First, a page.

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Joseph Cox holds a degree in Intellectual History from Univ. of Pennsylvania and a Masters in Financial Analysis.

He is the author of a number of books on related to policy. The City on the ... more


E Coronavirus: Let's Move On
In recent weeks, it seems there has been a disturbing trend: an effort to play up coronavirus danger in order to score political points.
E Empowering America
The business of philosophy suffers from a lack of real-world perspective.
E Brutality, Riots And A Way Forward
Sometimes there is a news item that crosses all the barriers. As such, the coronavirus has become central to every discussion, from foreign policy to economics.
E The Road To A Post-Corona Boom (Foreign Policy) - Part 3
What the US lacks is a clear foreign policy objective.
E The Road To A Post-Corona Boom (Healthcare) - Part 2
The great paradox of healthcare is that profit has made it an obligation.
E The Road To A Post-Corona Boom - Part 1
As we look at the massive unemployment brought on by the coronavirus, the economic displacement gives us an opportunity to trigger an economic boom within our own borders.


Latest Comments
Coronavirus: Let's Move On
2 days ago

Remember, a *lot* of people died in this community. They had very little notion of how to treat it at the time (they are getting better). This was the hardest hit group in the country.

As I saw one person from the community say: "We had Kiddush (kind of a communal ritual get together that happens once a week or more), we said Kaddish (the prayer for the dead) and now we've moved on."

Coronavirus: Let's Move On
2 days ago

If you slowly infect people over an extended period of time, 6 months immunity isn't terribly useful.

*However*, if you expose everybody and continue to allow exposure then it could be extremely useful since re-exposure could easily extend immunity while limiting the ability of the virus to do much to those with partial immunity.

In other words, you'd have a walking 6 month immunity which would seriously dent the virus' ability to widely spread in the community again.

Coronavirus: Let's Move On
2 days ago

They don't seem to have done formal studies, but the informal suggest >55% previous infection.

Coronavirus: Let's Move On
2 days ago

They didn't just "let" it run rampant. The call to shutdown was after Purim. It can be hard for modern Americans to imagine the concentration of people in these communities. But mass community events are the norm on a daily basis.

The following is a photo of a daily prayer service:

This is the male side of a wedding:

This is a Purim party:

Then add in 10-15 people per 3 bedroom apartment.

Once something gets in, it gets everywhere in a hurry.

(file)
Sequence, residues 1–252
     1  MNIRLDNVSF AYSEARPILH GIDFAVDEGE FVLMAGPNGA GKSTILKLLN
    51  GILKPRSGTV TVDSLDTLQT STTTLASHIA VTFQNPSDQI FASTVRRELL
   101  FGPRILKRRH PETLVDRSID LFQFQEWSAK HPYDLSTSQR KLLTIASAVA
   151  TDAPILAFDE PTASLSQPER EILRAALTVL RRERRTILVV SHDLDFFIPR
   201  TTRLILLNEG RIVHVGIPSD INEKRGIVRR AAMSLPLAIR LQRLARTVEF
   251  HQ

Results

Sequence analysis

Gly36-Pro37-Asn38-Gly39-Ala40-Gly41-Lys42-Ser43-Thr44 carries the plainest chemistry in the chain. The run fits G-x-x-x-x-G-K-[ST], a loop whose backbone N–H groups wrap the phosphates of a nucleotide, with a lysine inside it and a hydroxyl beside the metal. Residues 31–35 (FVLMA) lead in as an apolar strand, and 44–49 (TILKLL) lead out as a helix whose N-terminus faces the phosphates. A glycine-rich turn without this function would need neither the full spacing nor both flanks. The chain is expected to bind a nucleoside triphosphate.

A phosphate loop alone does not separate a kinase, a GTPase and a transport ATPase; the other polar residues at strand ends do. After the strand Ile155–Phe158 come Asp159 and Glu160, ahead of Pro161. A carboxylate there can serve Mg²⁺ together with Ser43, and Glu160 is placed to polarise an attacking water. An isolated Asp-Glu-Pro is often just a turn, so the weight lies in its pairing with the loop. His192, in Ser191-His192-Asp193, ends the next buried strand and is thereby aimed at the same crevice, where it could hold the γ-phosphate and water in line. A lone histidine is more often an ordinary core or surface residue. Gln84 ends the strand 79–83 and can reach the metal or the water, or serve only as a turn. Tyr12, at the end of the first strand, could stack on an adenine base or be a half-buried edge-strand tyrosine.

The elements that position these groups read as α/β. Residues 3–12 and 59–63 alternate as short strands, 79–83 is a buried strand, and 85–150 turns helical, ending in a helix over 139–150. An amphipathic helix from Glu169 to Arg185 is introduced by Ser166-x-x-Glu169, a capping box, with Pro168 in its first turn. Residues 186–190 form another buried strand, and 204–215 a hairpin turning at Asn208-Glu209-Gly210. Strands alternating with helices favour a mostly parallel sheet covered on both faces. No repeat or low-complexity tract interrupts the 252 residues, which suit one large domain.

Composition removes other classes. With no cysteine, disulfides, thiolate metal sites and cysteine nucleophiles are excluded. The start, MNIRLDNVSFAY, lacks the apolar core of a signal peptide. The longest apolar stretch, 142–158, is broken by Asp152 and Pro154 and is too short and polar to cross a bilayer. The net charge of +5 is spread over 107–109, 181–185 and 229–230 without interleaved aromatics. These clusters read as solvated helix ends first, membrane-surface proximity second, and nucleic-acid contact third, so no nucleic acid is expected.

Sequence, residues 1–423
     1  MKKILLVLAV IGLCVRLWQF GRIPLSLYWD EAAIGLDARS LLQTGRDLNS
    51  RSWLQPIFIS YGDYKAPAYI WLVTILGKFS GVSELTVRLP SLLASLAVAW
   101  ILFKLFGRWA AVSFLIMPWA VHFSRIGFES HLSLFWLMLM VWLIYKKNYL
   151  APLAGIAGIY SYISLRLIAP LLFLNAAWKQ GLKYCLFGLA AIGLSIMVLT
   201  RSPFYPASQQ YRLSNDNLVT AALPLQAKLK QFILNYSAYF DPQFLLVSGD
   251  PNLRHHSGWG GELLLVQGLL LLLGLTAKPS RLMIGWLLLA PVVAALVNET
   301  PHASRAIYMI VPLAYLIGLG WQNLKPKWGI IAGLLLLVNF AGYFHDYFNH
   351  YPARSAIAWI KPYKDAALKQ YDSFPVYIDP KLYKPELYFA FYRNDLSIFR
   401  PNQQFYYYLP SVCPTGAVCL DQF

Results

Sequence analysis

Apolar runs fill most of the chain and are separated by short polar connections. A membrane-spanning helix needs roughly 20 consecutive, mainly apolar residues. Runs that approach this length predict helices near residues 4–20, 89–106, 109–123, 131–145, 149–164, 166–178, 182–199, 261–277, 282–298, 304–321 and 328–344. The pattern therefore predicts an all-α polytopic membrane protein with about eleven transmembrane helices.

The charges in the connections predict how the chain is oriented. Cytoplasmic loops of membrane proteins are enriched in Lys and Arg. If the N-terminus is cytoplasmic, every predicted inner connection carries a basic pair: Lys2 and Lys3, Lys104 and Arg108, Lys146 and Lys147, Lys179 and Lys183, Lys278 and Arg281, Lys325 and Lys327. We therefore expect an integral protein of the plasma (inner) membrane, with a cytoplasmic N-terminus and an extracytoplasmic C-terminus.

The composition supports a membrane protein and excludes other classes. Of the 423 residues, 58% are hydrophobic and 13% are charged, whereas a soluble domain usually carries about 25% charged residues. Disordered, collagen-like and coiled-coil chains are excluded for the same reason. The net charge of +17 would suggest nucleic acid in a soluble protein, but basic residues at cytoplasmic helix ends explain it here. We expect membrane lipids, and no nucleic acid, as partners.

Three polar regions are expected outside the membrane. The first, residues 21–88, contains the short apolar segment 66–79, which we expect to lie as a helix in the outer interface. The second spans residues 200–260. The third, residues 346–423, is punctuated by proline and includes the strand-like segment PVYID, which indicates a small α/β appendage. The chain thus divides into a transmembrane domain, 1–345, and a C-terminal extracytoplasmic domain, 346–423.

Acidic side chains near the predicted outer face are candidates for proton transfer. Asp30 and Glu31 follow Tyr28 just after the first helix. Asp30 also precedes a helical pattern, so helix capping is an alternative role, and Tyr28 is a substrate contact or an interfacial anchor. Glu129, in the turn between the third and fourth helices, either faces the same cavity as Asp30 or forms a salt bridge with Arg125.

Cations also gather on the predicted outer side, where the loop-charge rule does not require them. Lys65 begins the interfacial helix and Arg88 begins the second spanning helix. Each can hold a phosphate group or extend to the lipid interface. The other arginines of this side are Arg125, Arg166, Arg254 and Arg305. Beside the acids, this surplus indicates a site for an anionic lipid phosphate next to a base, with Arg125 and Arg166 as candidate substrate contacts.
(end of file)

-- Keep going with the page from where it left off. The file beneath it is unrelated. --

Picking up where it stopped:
And, yes, it ought to be studied like nobody's business.

Coronavirus: Let's Move On
2 days ago

It isn't the city as a whole, it is just the ultra-Orthodox community in that city. And, yes, we ought to be studying the heck out of it.

Coronavirus: Let's Move On
3 days ago

A fascinating article on actual herd immunity - if the virus is weakening or if we're getting better at treating it then this might be a more reasonable path...

Coronavirus: Let's Move On
3 days ago

It my first analysis I tried to look at life-years lost. It reflects the impact of unemployment etc... on younger populations more appropriately.

Coronavirus: Let's Move On
4 days ago

Many fewer people died here, but I doubt the explanation is simply lockdowns. There seem to be significant genetic components, for example. East Asians seem to be less affected, Europeans more so. Source:

Interestingly, in the US, by and large the places that didn't locked down hard didn't necessarily get hit hard. NY had 166 deaths/100,000. Michigan 62, Maryland 54. They locked down hard. By contrast, Georgia is at 27, Florida is at 17, Texas at 9 and Wyoming at 3. Source:

The news has been waiting for mass death in these states for months but it still hasn't come.

The WSJ has a great article showing this on a simple plot (

Coronavirus: Let's Move On
4 days ago

Sure. But what event leads to a sudden realization in global debt and monetary markets that this is reality? When do we see 122 trillion in debt and unfunded obligations and go "oh, really."

The French Revolution was partially powered by debt. The government could hold a massive amount of debt, but then a tipping point was reached and it all fell apart.

A tipping point would not only be bad for America, it would be very bad for the world.

1 to 10 of 150 comments
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